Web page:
House Bill 2015 1356 killed in committee today

Article CAIRCO note: 
HB 15-1356 would have made Colorado into a de facto sanctuary state
Article author: 
Fred Elbel
Article publisher: 
Article date: 
4 May 2015
Article category: 
Colorado News
Article Body: 
Good news! Colorado House Bill 1356 was killed in committee today! Thanks for your important calls.
HB 1356 would have directed Colorado sheriffs, courts and local officials not to comply with federal immigration detainer requests.
The bill would have made it unlawful for Sheriffs to cooperate with ICE. 
It would have made Colorado into a de facto sanctuary state.

More information

Here is more information from FAIR on the bill that was written when the bill first passed the Colorado House.
On Monday, April 27, the Colorado House of Representatives passed House Bill ("H.B.") 1356, which shields criminal aliens from the enforcement of immigration law by prohibiting state and local law enforcement from complying with requests by the United States Immigration and Customs Enforcement ("ICE"). If H.B. 1356 also passes the state Senate, Colorado will become the third state in the country to enact a statewide law prohibiting cooperation with federal immigration authorities, after California and Connecticut.

Specifically, H.B. 1356 prohibits state and local law enforcement in Colorado from complying with an immigration detainer or administrative warrant issued by ICE. (H.B. 1356) An immigration detainer is a request from ICE to a state or local law enforcement agency to maintain custody of an alien for no more than 48 hours so that federal officials may assume custody for the purpose of removal from the United States. (Id.) An administrative warrant, as defined by H.B. 1356, is an immigration warrant of arrest, order to detain or release aliens, notice of custody determination, notice to appear, removal order, warrant of removal, or any other document, issued by an immigration agent that can form the basis for an individual's arrest or detention for an immigration enforcement purpose. (Id.) Additionally, H.B. 1356 prohibits Colorado courts from considering the existence of an immigration detainer or administrative warrant as a deciding factor in setting bond in criminal cases. (Id.)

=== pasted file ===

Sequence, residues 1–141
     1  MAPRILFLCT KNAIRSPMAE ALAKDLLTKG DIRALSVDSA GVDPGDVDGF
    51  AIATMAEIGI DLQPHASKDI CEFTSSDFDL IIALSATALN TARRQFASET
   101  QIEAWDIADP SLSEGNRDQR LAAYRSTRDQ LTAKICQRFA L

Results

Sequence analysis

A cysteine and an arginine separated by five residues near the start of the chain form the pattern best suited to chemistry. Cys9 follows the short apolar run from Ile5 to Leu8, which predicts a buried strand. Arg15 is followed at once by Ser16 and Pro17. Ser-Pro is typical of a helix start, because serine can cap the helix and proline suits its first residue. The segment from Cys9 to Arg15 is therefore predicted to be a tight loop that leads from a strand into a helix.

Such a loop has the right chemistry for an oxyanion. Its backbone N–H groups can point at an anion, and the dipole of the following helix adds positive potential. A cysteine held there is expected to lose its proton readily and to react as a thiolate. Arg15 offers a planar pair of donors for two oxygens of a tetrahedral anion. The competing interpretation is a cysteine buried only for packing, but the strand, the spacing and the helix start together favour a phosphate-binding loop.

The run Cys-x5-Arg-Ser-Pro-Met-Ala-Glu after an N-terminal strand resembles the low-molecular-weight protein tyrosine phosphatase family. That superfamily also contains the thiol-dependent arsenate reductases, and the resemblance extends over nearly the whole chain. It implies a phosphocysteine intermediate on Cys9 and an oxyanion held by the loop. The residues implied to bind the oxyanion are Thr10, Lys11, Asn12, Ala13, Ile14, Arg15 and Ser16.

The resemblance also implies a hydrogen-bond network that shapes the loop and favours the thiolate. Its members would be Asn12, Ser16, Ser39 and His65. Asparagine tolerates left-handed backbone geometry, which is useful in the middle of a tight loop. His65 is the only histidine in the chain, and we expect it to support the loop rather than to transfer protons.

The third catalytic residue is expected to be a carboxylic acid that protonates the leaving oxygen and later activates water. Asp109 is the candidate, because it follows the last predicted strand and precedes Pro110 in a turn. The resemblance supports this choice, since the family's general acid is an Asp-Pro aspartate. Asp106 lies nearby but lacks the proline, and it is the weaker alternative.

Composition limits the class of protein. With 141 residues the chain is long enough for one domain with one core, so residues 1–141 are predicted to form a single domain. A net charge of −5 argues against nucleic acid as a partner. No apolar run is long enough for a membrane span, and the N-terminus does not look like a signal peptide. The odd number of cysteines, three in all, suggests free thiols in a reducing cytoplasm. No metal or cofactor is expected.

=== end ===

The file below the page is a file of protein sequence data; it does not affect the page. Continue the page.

H.B. 1356 was introduced after Colorado became the first state in the country to have all of its county jails agree to ignore detainer requests by ICE in all circumstances pursuant to threats of litigation made by the American Civil Liberties Union ("ACLU"). Beginning last year, the ACLU sent letters to sheriffs' offices all over the country urging them to stop honoring ICE detainers, arguing that any detention of an alien on the basis of an ICE detainer is a violation of the 4th Amendment. (ACLU letter, Apr. 29, 2014)

The ACLU letters threaten, in bold letters, that any law enforcement agency that continues to do so "may be held liable for damages" under federal law. (Id.) The ACLU, however, made these claims based on an erroneous reading from a single federal court decision handed down in April 2014: Miranda-Olivares v. Clackamas County (Case No. 3:12-cv-021317-ST). In that case, the court held that an ICE detainer alone did not substantiate "probable cause" to allow a continued detention of the alien after they are eligible for release for the original crime. (Id.) However, ACLU letters fail to mention, that since the ruling on Miranda-Olivares, ICE has changed the immigration detainer form it sends to state and local law enforcement to include language and information providing officers sufficient probable cause to satisfy the 4th amendment. With the new, more detailed immigration detainer form, the Miranda-Olivares­ case is no longer relevant to a claim of an unlawful detention on the basis of an ICE detainer. Nevertheless H.B. 1365, reiterates the ACLU letters' claims in its "Legislative declaration" section. (H.B. 1356 § 1)

Anti-cooperation legislation, such as H.B. 1365, exacerbate public safety threats because they create safe havens that encourage illegal immigration and facilitate criminal activity, especially in regard to drug- and gang- related crimes, human trafficking, and identity theft. To be successful in deporting criminal aliens, ICE needs the assistance of state and local law enforcement agencies. If the local agency does not hold the alien for ICE, it simply releases the criminal back onto the streets.

H.B. 1356 now moves to the Senate Committee on State, Veterans, & Military Affairs where it must pass before going on to the full Senate for consideration. [Note that the bill was killed in that committed - CAIRCO.]  If the Senate approves the bill, it must then be sent to Governor John Hickenlooper's desk for approval before it can become law.